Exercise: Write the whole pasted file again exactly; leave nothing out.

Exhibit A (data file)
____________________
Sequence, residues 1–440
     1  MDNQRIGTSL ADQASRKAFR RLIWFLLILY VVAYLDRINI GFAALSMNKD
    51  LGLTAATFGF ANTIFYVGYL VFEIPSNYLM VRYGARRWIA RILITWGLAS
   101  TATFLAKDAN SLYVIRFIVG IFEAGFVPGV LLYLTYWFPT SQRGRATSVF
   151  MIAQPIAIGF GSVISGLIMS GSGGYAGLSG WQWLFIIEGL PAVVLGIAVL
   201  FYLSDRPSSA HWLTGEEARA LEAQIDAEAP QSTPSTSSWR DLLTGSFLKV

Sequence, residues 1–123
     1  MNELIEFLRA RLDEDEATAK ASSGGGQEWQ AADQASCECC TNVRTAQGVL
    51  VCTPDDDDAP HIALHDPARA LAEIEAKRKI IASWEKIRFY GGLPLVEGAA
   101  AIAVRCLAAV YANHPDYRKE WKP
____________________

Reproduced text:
Sequence, residues 1–440
     1  MDNQRIGTSL ADQASRKAFR RLIWFLLILY VVAYLDRINI GFAALSMNKD
    51  LGLTAATFGF ANTIFYVGYL VFEIPSNYLM VRYGARRWIA RILITWGLAS
   101  TATFLAKDAN SLYVIRFIVG IFEAGFVPGV LLYLTYWFPT SQRGRATSVF
   151  MIAQPIAIGF GSVISGLIMS GSGGYAGLSG WQWLFIIEGL PAVVLGIAVL
   201  FYLSDRPSSA HWLTGEEARA LEAQIDAEAP QSTPSTSSWR DLLTGSFLKV

Sequence, residues 1–123
     1  MNELIEFLRA RLDEDEATAK ASSGGGQEWQ AADQASCECC TNVRTAQGVL
    51  VCTPDDDDAP HIALHDPARA LAEIEAKRKI IASWEKIRFY GGLPLVEGAA
   101  AIAVRCLAAV YANHPDYRKE WKP